What is the world view that connects the dots of the escalating crises that plague our planet? Why does the astronomical wealth gap between the super-rich and the rest of us continue to grow, and how is that linked to climate change, immigration, mass incarceration, the decline of the labor movement and the seemingly endless wars that rage on, no matter who is in the White House?
Why has the Democratic Party been unable or unwilling to mobilize the clear majority of voters who agree with progressive policy initiatives into a force that could have prevented the almost complete Republican takeover of the levers of power nationwide and the ascent of an unhinged authoritarian to the presidency? What are the hidden assumptions that underpin a rigged and unjust global economy and political system that leave both left and right frustrated, infuriated and feeling powerless to achieve change?
Join us, three members of Philadelphia Be the Change, to explore these questions and their link to the origins and and growth of the political and economic philosophy known as “neoliberalism.”
Susan Saxe is a longtime activist involved with many local political organizations.
Rabbi Sheila Peltz Weinberg is a spiritual director, meditation teacher and the author of the forthcoming book, “God Loves the Stranger.”
Maynard Seider is a sociologist and writer/director of the documentary “Farewell to Factory Towns?”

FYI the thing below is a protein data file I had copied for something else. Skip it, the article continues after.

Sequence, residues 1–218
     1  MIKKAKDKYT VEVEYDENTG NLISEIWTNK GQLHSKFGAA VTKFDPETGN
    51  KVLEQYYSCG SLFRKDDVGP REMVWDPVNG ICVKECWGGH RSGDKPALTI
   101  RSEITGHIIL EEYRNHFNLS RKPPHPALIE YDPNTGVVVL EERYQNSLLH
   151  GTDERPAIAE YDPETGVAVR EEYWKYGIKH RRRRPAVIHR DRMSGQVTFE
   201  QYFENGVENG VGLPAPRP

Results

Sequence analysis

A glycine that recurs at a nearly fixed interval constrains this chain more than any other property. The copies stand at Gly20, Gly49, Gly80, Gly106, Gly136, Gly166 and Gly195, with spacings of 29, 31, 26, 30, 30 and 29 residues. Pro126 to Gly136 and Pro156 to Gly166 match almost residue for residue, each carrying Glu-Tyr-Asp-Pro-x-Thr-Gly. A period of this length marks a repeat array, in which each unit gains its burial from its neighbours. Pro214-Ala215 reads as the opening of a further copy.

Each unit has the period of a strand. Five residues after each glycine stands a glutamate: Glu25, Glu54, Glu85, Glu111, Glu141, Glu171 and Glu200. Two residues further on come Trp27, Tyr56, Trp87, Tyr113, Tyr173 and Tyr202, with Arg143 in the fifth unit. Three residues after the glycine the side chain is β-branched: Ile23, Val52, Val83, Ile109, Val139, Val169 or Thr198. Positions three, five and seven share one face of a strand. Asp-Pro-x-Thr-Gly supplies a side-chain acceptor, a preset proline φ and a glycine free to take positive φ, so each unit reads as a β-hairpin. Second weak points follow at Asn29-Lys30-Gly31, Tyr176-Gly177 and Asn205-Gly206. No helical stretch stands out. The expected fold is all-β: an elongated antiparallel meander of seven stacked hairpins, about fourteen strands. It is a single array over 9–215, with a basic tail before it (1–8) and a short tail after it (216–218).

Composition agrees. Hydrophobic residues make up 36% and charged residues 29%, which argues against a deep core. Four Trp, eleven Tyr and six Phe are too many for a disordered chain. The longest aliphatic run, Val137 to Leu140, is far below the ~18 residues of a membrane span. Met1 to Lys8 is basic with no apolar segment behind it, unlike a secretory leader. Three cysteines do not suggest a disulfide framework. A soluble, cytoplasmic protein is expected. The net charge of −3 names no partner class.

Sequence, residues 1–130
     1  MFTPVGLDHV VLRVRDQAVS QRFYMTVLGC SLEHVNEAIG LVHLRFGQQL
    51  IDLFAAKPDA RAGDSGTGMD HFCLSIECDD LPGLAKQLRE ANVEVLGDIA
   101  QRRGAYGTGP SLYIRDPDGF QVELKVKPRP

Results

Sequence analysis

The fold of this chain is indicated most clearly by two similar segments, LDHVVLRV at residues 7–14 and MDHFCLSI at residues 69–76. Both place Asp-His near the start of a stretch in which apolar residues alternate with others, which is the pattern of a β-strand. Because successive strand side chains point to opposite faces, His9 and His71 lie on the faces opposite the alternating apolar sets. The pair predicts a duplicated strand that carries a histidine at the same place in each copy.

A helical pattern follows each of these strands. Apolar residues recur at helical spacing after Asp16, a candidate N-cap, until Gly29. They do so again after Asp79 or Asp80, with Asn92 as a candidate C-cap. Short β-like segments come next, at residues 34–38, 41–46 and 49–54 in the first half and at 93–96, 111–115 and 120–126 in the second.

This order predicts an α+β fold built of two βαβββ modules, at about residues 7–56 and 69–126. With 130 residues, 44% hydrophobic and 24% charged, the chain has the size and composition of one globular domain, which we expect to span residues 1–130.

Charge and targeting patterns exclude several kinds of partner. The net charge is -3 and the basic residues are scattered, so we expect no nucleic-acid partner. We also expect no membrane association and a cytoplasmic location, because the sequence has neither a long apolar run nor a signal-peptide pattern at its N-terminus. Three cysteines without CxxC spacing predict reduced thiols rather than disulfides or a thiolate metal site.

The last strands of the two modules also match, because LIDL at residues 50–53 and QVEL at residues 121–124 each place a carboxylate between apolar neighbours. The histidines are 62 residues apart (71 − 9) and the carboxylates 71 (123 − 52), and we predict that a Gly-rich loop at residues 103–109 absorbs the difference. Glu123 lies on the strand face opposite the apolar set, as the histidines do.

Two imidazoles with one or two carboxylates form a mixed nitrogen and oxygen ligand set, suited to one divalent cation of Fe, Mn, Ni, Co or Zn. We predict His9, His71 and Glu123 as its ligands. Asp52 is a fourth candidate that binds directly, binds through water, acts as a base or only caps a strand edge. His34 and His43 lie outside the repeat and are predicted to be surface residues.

In this free, four-session study group (with optional followup), we will trace how neoliberalism achieved dominance over other economic and political systems and how it has so saturated the “background noise” of our civilization that policies systematically created by the ultra-rich and their intellectual and technocrat enablers have come to be seen as natural, inevitable and even moral when in fact they are anything but.
We will pull away the veils of illusion to show how neoliberalism, like the “divine right of kings” and other narratives of power, does not descend from “on high” or derive from natural law but is simply a story designed to justify the unchecked depredations of the ruling class. As such it is not inevitable or immutable but can be named, understood and, yes, dismantled.
The group will meet from 7 to 8:30 p.m. on four consecutive Wednesdays, beginning March 22, at 555 Carpenter Lane. Registration is requested; visit the Weavers Way Online Calendar under March 22 for a link and more information, including a reading list.